Use of a common address or legal description to sufficiently describe the property being conveyed

A deed conveying property needs to sufficiently describe the property being conveyed. The description in the deed is necessary so the property can be reasonably located. If the property cannot be located from the description, the conveyance is void. [Scott v. Woodworth (1917) 34 CA 400]

The description of a parcel in a deed needs to be sufficient to allow the real estate conveyed to be identified and located with reasonable certainty by a surveyor. [Best v. Wohlford (1904) 144 C 733]

Facts not stated in the deed, known as extrinsic evidence, may only be used when an ambiguity arises as to the description of the property conveyed.

However, extrinsic evidence may not be used to supply the deed with a missing description or correct a defective description.

For example, real estate is conveyed by a deed describing the property as the “Occidental Mill Site, containing 4.95 acres, being a fraction of lot 2…” The use of the real estate’s common name in the deed is sufficient to locate the boundaries and identify the real estate being conveyed. [Calif. Civil Code §1092]

Additionally, a deed which describes real estate by its street address, such as “879 Riverside Avenue, Riverside, CA 92507,” will be considered sufficient to identify the real estate located at the street address, sometimes called a common description or common address. [Brudvig v. Renner (1959) 172 CA2d 522]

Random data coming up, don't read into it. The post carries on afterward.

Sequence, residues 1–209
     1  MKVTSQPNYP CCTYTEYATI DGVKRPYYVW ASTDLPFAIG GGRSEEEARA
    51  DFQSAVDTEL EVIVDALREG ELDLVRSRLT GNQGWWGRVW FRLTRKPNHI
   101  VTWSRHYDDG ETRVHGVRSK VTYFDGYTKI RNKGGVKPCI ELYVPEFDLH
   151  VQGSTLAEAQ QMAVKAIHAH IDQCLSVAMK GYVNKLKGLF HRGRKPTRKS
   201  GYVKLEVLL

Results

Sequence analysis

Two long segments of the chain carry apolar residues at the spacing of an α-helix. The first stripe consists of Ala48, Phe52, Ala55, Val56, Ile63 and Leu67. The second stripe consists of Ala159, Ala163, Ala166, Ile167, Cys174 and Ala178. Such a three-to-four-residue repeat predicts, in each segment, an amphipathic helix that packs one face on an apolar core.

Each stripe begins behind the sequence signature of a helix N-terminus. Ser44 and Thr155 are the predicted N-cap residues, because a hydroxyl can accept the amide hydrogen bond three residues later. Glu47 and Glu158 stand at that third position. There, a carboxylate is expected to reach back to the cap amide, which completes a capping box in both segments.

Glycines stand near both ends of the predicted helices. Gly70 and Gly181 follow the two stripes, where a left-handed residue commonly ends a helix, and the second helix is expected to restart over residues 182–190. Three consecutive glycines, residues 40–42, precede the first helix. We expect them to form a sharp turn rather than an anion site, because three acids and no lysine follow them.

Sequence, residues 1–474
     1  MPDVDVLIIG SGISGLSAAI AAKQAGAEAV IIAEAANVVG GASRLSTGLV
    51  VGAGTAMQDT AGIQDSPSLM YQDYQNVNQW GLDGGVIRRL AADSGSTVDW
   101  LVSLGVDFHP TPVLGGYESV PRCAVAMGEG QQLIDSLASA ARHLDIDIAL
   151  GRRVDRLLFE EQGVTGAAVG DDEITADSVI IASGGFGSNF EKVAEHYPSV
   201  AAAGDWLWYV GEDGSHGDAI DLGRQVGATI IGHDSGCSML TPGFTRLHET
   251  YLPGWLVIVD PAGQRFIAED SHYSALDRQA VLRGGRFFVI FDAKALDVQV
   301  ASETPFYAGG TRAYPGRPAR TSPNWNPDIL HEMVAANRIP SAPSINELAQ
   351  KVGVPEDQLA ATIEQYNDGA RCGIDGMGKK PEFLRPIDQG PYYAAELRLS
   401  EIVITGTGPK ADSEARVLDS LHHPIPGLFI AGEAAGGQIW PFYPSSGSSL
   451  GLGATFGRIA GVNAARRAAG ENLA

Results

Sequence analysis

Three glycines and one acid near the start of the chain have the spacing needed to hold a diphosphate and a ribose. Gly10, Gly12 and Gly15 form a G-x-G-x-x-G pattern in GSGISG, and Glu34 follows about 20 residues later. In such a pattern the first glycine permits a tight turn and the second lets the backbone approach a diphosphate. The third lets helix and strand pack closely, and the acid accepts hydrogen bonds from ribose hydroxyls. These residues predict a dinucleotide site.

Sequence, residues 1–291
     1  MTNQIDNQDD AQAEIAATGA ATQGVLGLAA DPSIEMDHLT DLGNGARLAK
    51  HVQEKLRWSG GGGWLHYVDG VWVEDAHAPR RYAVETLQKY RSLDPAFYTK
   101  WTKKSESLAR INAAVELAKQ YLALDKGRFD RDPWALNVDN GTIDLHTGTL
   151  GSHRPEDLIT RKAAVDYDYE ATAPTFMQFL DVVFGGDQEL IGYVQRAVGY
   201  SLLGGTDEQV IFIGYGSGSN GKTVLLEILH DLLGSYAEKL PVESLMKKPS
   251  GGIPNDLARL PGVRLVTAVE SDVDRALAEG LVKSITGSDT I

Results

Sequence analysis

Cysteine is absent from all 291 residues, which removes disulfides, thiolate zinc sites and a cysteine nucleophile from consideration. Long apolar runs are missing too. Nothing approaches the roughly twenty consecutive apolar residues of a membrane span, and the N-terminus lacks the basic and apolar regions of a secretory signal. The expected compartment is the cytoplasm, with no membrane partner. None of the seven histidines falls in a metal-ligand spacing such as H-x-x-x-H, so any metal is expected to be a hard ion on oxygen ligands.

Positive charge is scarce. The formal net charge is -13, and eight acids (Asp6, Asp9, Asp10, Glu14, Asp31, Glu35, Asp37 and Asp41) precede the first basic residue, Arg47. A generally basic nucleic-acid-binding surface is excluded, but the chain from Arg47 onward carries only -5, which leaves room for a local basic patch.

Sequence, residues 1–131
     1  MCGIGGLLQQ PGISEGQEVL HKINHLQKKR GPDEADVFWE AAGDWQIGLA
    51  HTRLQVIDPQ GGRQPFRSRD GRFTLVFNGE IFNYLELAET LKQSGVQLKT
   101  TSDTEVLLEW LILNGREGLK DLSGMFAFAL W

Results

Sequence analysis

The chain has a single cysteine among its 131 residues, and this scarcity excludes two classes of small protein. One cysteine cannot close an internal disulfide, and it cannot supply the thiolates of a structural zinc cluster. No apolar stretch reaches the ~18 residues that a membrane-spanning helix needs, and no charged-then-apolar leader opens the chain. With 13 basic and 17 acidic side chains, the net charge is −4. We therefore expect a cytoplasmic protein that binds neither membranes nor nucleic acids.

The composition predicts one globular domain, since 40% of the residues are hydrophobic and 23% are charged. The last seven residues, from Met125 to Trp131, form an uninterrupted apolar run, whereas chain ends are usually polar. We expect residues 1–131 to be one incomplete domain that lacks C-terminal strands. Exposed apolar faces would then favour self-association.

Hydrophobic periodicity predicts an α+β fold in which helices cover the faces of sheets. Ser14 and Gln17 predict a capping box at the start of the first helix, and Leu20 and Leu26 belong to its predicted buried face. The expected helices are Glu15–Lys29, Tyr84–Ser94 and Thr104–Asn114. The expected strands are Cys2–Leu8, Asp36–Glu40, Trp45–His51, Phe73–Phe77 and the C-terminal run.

However, the deed best includes the property’s legal description or a map designation, such as a parcel or lot number, which contains the metes and bounds description needed to locate with certainty the parcel being conveyed.

Thus, the real estate can be described by reference to other documents, such as a subdivision map as it contains the metes and bounds description of the parcel. The document referenced in a deed is incorporated into the deed as the source of the metes and bounds description of the property conveyed. [Edwards v. Lewis (1938) 25 CA2d 168]

The grantor’s signature

To transfer real estate by a deed, the deed needs to be signed by the grantor named in the deed. [CC §1091]

A deed can also be signed on behalf of the grantor by the grantor’s agent if the agent is authorized in writing to convey the property on the grantor’s behalf. The agent is called an attorney in fact and is operating under a power of attorney. [CC §1091; see RPI Form 447]

Additionally, a deed can be signed in the name of the grantor by an amanuensis as orally instructed by the grantor. An amanuensis is an individual who has the oral authority of the grantor to sign a grant deed by their own hand on behalf of the grantor.

Unlike an attorney in fact who is an agent with discretionary authority to determine whether they are to enter into a deed without prior approval from the grantor, an amanuensis has a purely ministerial duty. The amanuensis signs a document as instructed without exercising personal discretion or judgment.